Even when you know someone is terrible for you, it can be scary to break things off with a partner who isn’t making you happy. That’s especially true when you already share so much together or have developed a dependency on them. The truth is, it’s better to be happy — even if that means struggling for a while. Here are things you’ll want to remember when you leave your toxic partner for good.
Things would never have gotten better.
People don’t change unless they want to. And even when they say they want to change, they probably won’t put in the effort. If you’re with someone who treats you like garbage, they’re probably not going to have an overnight revelation and become a whole new person in the morning. The only way to fix the situation is to replace the person you’re with. Next time you wonder whether or not you made the right call, think about the countless arguments you had with them over the same thing. Had you not left, you’d probably be rehashing that fight right now.
You’re more valuable than they led you to believe.
There’s a good chance that your now-ex tried to undervalue you throughout the relationship, or even make you feel “lucky” that someone like them took a chance on you. This is straight-up manipulation. They know they’re abusive, and are trying to drill it into your head that you’d be foolish for leaving.
There’s nothing wrong with therapy.
It’s not wise to jump into another relationship immediately after leaving a toxic one. It’s much better to take the time to work on yourself. Otherwise, you may end up accidentally sabotaging a situation that’s actually quite healthy and loving, just out of fear that he or she will turn on you the way your ex did. Therapy is good for everyone. Consider booking an appointment and talking to someone who’ll help you become an even stronger person.
Your true friends will be happy for you.
If you were in a toxic relationship for a long time, it might have impacted your friendships. True friends will understand, especially if you give them a heartfelt apology. They’re also the best people to lean on when you’re starting to feel unsure about your decision. Trust what they have to say.
Your hard work will pay off.
If the two of you combined finances or lived together, it could have made leaving even harder. Suddenly, you have a lot of responsibilities to keep yourself afloat. Just remember — things will be hard, but as you suffer through some financial setbacks, you, as a person, will rebuild into someone far more confident. These life experiences will help you grow, and you’ll be a lot happier down the line.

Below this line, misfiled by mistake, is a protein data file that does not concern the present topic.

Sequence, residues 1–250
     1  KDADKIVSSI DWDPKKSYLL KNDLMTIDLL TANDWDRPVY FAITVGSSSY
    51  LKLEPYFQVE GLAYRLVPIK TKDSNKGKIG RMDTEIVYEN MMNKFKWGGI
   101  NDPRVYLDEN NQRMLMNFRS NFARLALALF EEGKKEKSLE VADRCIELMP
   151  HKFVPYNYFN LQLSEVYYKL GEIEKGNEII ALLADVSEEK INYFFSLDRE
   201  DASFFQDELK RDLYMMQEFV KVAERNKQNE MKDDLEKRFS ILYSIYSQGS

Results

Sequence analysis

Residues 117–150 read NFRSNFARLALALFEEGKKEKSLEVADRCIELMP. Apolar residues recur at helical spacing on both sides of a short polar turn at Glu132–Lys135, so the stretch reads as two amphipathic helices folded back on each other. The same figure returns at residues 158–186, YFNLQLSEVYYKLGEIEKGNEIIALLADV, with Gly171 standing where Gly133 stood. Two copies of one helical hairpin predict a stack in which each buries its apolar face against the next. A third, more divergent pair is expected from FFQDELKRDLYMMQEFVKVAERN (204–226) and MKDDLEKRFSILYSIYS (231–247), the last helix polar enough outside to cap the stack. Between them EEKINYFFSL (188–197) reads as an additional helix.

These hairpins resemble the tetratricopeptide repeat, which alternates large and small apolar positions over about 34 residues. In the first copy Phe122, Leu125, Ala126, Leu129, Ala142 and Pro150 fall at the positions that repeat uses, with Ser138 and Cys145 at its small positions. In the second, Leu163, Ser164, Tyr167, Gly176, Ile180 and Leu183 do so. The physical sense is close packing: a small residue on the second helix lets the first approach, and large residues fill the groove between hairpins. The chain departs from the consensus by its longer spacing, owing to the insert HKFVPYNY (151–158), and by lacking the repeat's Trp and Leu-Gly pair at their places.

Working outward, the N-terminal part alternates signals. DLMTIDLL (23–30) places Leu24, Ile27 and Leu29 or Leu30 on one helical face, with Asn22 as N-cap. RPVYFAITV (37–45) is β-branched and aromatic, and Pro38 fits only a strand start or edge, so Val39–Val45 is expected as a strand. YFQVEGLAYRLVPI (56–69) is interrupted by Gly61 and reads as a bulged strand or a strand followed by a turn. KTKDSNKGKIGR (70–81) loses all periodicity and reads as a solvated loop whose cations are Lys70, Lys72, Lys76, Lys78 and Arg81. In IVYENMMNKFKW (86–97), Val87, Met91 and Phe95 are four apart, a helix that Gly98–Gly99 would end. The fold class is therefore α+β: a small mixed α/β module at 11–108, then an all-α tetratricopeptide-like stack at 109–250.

Blocking them is the right move.
They may try to keep playing mind games or call to “check up” on you. This isn’t normal for exes — they’re just trying to weasel their way back into your life. The best thing to do is block their number, unfriend them online, and make a clean break. If you’re worried because the communication they try to send is threatening, take screencaps and bring them to the police.
If you have to move back with your parents for a little, there’s no shame in that.
They love you and want the best for you. Plus, it’s not permanent. It’s just until you get back on your feet and can save up for your own place. It might be a little embarrassing, but it’s worth it if the alternative is sharing a lease with someone toxic.
It might take some time to get over them.
Even if they were mean, obnoxious, or abusive, it’s natural to take some time to process the end of your relationship. This was someone who you considered to be your partner for a long time, so no matter who they were, ending it can be emotional. Just remember that it’s not your brain telling you that you made the wrong decision — it’s your heart trying to heal.
The longer you stay, the harder it is to move on with your life.
People find true love at all ages, but the longer they’re stuck in a toxic situation the older they get — and the more rundown they feel. If you didn’t leave, you would be stuck where you are, wondering where your best tears went. Even if it took you a long time to sever ties, congratulate yourself for making the move and putting yourself first for once.
You’re not alone.
There are so many people out there who have dated people similar to your ex. It’s unfortunate but true. It might make you feel better to connect with someone who knows what it’s like and develop a friendship. They’ll help you see that life goes on, and healthier connections are possible. Feel free to reach out to a network, or read some books about toxic partners that’ll help you move forward.
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